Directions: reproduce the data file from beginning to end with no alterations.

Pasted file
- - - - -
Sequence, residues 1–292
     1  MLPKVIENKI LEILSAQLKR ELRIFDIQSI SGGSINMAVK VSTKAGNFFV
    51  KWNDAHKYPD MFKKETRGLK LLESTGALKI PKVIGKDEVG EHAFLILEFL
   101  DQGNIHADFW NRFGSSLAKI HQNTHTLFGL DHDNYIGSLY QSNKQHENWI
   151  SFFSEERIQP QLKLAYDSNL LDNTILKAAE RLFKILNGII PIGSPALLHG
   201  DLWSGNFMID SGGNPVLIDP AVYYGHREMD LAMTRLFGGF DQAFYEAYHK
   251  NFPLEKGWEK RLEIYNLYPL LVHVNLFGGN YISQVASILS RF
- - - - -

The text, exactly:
Sequence, residues 1–292
     1  MLPKVIENKI LEILSAQLKR ELRIFDIQSI SGGSINMAVK VSTKAGNFFV
    51  KWNDAHKYPD MFKKETRGLK LLESTGALKI PKVIGKDEVG EHAFLILEFL
   101  DQGNIHADFW NRFGSSLAKI HQNTHTLFGL DHDNYIGSLY QSNKQHENWI
   151  SFFSEERIQP QLKLAYDSNL LDNTILKAAE RLFKILNGII PIGSPALLHG
   201  DLWSGNFMID SGGNPVLIDP AVYYGHREMD LAMTRLFGGF DQAFYEAYHK
   251  NFPLEKGWEK RLEIYNLYPL LVHVNLFGGN YISQVASILS RF